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Fancy Coloured Diamonds


Today, our beloved diamonds can be worn in a many different hues, and many of them are much more valuable than colourless or white diamonds. With fashions changing every season, and celebrities showing the way on the catwalk, we have now come to consider that pink, blue, green, yellow, brown, and even the dramatic black diamond are ‘de rigueur’.

The HRD Antwerp Diamond Colour Certificate


Every genuine diamond sold is issued with a certificate to prove its authenticity and provenance. In 1983, because of the increasing interest in fancy coloured diamonds, the HRD Antwerp Certificates Department responded by introducing the HRD Antwerp Diamond Colour Certificate, developed to take into consideration the exceptional colours and unique qualities of coloured diamonds.

As we have said, it is expected that every (natural) coloured diamond will have the accompanying certificate. The certificate will state where the diamonds originated and other attributes. Because of developments in technology, there are myriad ways of altering the colour of a stone. For some jewellery, this is an acceptable way to enhance the look of a piece, but a colour-treated diamond will not receive a Colour Certificate as this will state only that the colour of a diamond is its natural state. The High Pressure High Temperature process is acceptable.

A usual diamond certificate will place much emphasis on the 4Cs, including the clarity grade. A Diamond Colour Certificate is much the same, yet no clarity grade is included. The colour grade bears most of the emphasis.

A coloured stone can contain inclusions that are visible to the naked eye (clarity Grade P1 and I1), yet still be valued at hundreds of thousands of dollars per carat. This is the effect of the rarity value. Colourless diamonds with similar visible inclusions would not reach those values. Carat weight is also very important when valuing a coloured stone, but a natural pink, purple, red or green diamond will have a large price tag, simply because of its rarity and uniqueness. Clarity, Cut, and Carat weight do have a bearing on a coloured stone’s value, but it is the Colour Grading which has most impact.

Source of colour in diamonds

Most polished diamonds are colourless to yellow, with middle tones of light yellow and greenish-yellow. The stones are part of the Cape-series, the first source of diamonds found in South Africa. The fancy coloured diamonds, pink, red, green, blue also exist but are few and far between and are described as very rare.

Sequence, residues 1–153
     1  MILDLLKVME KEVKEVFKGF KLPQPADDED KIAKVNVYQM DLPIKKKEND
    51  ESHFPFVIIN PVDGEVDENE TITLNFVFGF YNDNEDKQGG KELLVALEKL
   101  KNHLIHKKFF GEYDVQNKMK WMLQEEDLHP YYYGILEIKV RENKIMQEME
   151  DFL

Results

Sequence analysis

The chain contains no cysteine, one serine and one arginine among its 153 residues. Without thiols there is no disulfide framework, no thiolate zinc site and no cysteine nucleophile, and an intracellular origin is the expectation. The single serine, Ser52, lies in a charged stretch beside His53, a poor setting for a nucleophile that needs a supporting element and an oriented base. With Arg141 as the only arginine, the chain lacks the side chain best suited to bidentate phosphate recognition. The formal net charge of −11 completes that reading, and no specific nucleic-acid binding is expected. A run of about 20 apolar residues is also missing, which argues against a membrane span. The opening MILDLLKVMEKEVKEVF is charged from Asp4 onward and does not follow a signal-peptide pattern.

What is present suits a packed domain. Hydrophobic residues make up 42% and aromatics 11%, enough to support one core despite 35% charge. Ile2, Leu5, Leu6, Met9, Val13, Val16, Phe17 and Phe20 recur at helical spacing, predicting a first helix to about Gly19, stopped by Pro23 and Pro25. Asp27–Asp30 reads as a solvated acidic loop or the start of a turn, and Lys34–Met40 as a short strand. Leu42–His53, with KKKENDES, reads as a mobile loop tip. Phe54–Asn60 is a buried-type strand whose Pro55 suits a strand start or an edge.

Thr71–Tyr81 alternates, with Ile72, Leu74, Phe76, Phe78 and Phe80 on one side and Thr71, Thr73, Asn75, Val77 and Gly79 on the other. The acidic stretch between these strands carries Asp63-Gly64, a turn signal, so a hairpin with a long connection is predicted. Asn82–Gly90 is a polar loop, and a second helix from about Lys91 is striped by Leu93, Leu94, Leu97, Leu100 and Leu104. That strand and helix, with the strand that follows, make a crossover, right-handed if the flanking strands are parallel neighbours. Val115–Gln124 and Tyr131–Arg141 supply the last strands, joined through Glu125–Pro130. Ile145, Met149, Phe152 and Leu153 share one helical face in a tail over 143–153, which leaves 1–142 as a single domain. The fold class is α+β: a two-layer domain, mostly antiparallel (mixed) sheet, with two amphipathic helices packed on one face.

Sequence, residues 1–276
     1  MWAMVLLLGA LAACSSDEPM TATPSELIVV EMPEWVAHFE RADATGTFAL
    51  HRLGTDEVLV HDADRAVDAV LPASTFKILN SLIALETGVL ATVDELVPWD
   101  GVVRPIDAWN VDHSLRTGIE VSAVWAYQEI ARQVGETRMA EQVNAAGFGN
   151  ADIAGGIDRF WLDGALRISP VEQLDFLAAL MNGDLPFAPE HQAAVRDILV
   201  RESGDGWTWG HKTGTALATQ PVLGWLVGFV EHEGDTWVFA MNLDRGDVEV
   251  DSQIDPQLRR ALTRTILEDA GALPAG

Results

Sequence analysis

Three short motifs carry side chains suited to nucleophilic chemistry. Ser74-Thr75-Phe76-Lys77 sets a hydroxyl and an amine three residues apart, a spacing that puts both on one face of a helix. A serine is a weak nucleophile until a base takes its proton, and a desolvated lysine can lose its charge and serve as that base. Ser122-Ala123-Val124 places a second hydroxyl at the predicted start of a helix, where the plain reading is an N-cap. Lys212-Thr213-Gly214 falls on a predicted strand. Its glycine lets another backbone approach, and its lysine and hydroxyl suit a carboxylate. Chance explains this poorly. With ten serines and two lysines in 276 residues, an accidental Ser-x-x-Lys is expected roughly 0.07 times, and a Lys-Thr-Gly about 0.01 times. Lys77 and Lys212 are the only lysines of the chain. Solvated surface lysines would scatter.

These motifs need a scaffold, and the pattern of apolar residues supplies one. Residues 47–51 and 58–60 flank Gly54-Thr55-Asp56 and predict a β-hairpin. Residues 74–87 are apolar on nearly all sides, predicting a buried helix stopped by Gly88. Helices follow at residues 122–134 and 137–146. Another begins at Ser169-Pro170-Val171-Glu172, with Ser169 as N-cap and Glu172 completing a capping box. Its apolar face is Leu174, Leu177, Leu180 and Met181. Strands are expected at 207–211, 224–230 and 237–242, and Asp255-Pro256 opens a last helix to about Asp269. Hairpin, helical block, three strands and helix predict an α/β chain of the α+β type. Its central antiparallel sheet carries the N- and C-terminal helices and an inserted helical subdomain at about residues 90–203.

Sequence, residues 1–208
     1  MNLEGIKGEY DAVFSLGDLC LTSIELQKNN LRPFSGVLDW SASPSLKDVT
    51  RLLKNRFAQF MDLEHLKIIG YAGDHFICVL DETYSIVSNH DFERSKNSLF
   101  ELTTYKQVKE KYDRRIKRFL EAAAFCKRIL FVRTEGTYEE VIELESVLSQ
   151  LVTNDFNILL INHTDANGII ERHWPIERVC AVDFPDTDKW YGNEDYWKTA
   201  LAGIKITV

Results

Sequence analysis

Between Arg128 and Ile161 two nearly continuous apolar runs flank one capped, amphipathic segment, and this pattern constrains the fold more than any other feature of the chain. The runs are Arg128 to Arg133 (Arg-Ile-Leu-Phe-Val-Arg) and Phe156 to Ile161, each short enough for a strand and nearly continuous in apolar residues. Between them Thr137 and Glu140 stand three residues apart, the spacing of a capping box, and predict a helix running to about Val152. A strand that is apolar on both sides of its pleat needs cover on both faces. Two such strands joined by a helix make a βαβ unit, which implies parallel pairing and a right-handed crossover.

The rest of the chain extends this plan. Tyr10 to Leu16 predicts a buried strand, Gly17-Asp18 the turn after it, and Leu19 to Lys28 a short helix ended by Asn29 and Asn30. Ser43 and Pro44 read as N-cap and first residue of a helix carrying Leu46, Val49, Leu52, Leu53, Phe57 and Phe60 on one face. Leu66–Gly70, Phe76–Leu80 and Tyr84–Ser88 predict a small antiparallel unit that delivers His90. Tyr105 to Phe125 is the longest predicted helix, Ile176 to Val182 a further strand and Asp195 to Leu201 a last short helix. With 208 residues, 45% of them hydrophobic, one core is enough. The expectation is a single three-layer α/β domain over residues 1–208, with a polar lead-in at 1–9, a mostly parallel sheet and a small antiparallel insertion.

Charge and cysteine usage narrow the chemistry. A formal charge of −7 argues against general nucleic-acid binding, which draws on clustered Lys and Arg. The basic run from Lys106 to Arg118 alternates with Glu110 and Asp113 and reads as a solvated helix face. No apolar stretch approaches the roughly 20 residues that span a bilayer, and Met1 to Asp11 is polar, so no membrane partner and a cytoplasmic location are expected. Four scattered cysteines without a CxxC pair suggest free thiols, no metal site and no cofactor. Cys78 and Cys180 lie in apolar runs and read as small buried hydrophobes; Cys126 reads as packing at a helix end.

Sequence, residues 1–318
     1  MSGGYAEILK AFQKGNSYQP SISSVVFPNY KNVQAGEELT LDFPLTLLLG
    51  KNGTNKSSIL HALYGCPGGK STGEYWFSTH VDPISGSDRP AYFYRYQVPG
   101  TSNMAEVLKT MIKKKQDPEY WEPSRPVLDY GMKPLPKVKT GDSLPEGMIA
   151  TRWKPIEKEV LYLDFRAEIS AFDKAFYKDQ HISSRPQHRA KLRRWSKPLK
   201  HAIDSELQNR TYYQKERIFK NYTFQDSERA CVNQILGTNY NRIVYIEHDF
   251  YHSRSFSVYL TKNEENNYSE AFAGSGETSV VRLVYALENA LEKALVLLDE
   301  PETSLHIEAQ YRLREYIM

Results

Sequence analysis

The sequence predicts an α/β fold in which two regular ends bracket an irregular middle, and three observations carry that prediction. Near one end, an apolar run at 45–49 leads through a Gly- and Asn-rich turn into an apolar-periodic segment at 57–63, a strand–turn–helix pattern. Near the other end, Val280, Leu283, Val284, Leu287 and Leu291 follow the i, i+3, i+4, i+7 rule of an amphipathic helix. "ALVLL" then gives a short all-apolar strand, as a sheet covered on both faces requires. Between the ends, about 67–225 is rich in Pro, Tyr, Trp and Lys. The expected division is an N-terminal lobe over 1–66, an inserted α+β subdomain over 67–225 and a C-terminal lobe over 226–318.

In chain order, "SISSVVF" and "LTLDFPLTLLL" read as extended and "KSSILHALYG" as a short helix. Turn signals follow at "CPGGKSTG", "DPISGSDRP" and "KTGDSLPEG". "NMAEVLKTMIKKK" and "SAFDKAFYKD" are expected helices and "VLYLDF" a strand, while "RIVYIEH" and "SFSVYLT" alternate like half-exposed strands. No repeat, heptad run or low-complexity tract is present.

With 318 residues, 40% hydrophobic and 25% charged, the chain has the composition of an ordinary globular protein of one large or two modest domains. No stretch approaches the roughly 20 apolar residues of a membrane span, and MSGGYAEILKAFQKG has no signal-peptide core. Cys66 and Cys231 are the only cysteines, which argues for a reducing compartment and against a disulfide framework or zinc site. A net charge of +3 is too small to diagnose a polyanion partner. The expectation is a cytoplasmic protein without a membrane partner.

It is the atomic structure that forms the many beautiful hues of a fancy coloured diamond. The colours originate in the atomic structure of the diamond. The structure that makes the diamond such a hard substance is the crystal lattice deep within the diamond made up of carbon (C), arranged three-dimensionally. Around each atom are four other carbon atoms which form a tetrahedron. An ideal diamond, built only of carbon would be completely colourless.

The reality is that the structure of diamonds will contain structural deviations and atomic impurities. Deviations from the ideal structure can be optically active and known as colour centre. So therefore it is these colour centres present within the stone that gives it its colour. One of the main defects will be a foreign atom that has replaced a carbon atom within the structure. Some colour centres do not contain foreign atoms but, perhaps, vacancies. Nitrogen can be found within a diamond and is the most frequently occurring impurity atom. Diamonds are divided into two groups depending on nitrogen’s incidence in a diamond lattice: type I that contain a quantity of nitrogen that is detectable, and type II for diamonds with virtually no nitrogen.

Type I diamonds ~ This group is the largest group and forms the majority of polished diamond, probably 95%. Nitrogen atoms (N) substituted for carbon atoms (C) is the main characteristic colour centre of this type. The N-atoms can be isolated or grouped, perhaps in twos, threes or sometimes more. Some nitrogen groups absorb blue light, resulting in the host diamond having a light yellow colour, modifying to brownish-yellow and brown. These groups of nitrogen atoms can be subdivided into additional groups.

  • Type Ia: In the crystal lattice of this group, the nitrogen atoms are organised in groups. The category is in turn separated in two: diamonds with groups of 2N-atoms (A-aggregates) and called type IaA; diamonds with groups of 4 N-atoms around a vacancy (B aggregates) are called type IaB. In most diamonds both A- and B- aggregates are present: this combination is usually referred to as type IaAB. Although these A- and B- aggregates are optically active in the infrared part of the spectrum, these stones usually also contain the N3-centre (3 nitrogen atoms encircle a vacancy) that causes the typical (Cape) yellow colour.